New TV Genres

TV has changed drastically in the past decade. Yet we still use the same names for TV genres that we always did: soap, sitcom, drama, cop show, hospital show. Or else we just use derivatives from movies: Western, horror, noir, etc.

It’s time for a re-vamping! Here are some suggestions for new genres. I’d love to hear others. Some shows fall under more than one genre – they’re a mix!

The Sincerity Razz – Shows that mockingly portray a group of people treating something with far more seriousness than it deserves. Often includes one or two characters who know not to take it so seriously. These seem to be derived from the Christopher Guest improv movie comedies, such as A Mighty Wind, Best In Show, Waiting For Guffman. Examples: Parks and Recreation, both British and American versions of The Office, Extras.

The I, Claudius – Shows that involve a twisted family or families headed by a figure of moral ambiguity. Endless subplots and digressions. Examples: Mad Men, Boardwalk Empire, The Sopranos, Breaking Bad. A subgenre or variant is the Kinder, Gentler Claudius: same exact thing but family headed by figure or figures of near moral perfection: Downton Abbey, Justified, Friday Night Lights.

The Absurdist Workplace – This genre is as old as the hills, but it seems notably the case that the absurdist stripe of humor is particularly paired with places of employment. Examples: Fawlty Towers, Are You Being Served?, Taxi, NewsRadio, both versions of The Office, Better Off Ted, 30 Rock.

The Confessional Comedy: Sitcoms that figure out some way to include direct camera addresses by characters. Sometimes, but not always, a mockumentary. I’m not entirely sure why this technique has failed to make an equally prominent entry into dramas. Examples: both versions of The Office, Modern Family, Parks and Recreation, Better Off Ted, Malcolm in the Middle.

The Revisionary Genre: Trying to add new respectability to a genre that has fallen from elite favor. Examples: The Walking Dead, Deadwood, Game of Thrones. I am absolutely dying for someone to do this with the rich-person-soap! Well, okay. I guess I got that with Downton Abbey. But present day rich person soap!

The More Things Change, the More They Stay the Same: cop shows that have the best of both worlds. They are both episodic dramas and have story arcs that last over the entire season and series. Examples: Luther, Justified, Sherlock.

Any amendments, additions, other examples, counterexamples,or other thoughts?

Rose Woodhouse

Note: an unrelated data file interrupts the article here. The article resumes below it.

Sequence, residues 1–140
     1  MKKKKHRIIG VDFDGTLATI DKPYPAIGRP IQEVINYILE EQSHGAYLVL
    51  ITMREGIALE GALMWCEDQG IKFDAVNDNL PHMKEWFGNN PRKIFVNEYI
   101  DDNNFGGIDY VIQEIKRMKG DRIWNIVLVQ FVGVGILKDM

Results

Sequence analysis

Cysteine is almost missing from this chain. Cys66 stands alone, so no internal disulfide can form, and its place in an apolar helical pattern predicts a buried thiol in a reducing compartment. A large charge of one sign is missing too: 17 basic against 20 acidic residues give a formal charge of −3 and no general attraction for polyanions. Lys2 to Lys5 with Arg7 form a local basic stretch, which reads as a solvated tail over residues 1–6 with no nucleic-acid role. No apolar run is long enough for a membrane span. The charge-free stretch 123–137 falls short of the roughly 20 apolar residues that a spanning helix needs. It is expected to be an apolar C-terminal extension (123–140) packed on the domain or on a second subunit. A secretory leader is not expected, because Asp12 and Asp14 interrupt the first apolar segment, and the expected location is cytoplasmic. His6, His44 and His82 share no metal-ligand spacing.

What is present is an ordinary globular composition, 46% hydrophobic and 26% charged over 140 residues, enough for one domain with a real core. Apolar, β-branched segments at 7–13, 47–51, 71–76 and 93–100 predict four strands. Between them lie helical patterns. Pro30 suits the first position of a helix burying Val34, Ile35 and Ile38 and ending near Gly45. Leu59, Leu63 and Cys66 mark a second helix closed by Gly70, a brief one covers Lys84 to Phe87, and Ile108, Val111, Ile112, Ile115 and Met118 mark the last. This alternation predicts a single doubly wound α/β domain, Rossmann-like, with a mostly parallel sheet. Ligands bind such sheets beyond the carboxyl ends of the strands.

Elizabeth Picciuto was born and reared on Long Island, and, as was the custom for the time and place, got a PhD in philosophy. She freelances, mainly about disability, but once in a while about yeti. Mother to three children, one of whom is disabled, two of whom have brown eyes, three of whom are reasonable cute, you do not want to get her started talking about gardening.


  1. The “this is a really cool show because it’s produced by a cable TV channel” genre: These are dramas that are supposed to be cutting edge and well-done, and their cutting-edgeness and well-doneness is made even more cutting-edge and well-done because HBO or Showtime or one of the others produced it. See “The Wire,” “The Tudors,” “Weeds.”

    • “This must be an HBO show.”

      “How can you tell?”

      “How the fuck can’t you tell, you fucking fucked-up motherfucker?”

    • Yes, it’s really the first time there’s that level of imprimatur.

  2. I like the “I, Claudius” category, definitely worthy of its own genre – “Weeds”, “Hung”, and “Breaking Bad” are extreme examples.
    You aren’t satisfied with the existing “Mockumentary” genre?

    • There are some that are related that are not mockumentaries (Better of Ted and Malcolm and the Middle). And I think sometimes showrunners labor under the false impression that a direct camera address will be distracting or avant-garde unless there’s an explanation for it. So I’d like more of them not to be mockumentaries.

      Oooo, post on this soon!

  3. Don’t these deal more with theme than genre? Absurdist workplace, for instance, could be a comedy, but it also could be a drama, or horror… so long as it takes place in an absurd workplace.

    • Well, you know. Genres aren’t really one thing are another. They’re not natural kinds. Some are defined by the emotion they raise in the viewer (horror, comedy, suspense). Some are defined by content (action, police procedural, Western), some are defined by tone (noir).

  4. The “Can You Believe We Once Gave David Lynch a TV Show, and Can We Please Do that Again Instead” – The Killing (alternate genre name: Girls Wrapped in Plastic. Which is also a decent bandname).

    The “What The Hell Just Happened” – American Horror Story (and is Nip/Tuck still on?)

    • Lost would be another “What the Hell Just Happened”.

  5. I don’t know what to call these but I’ve recently noticed that a lot of the legal dramas have moved away from murder, murder, murder to other parts of the law. Suits mostly covers business law. The Good Wife deals with variety of issues but rarely murder.

    I like the change.

  6. Sympathetic characters who do bad things: The Sopranos, Dexter, Breaking Bad, Weeds

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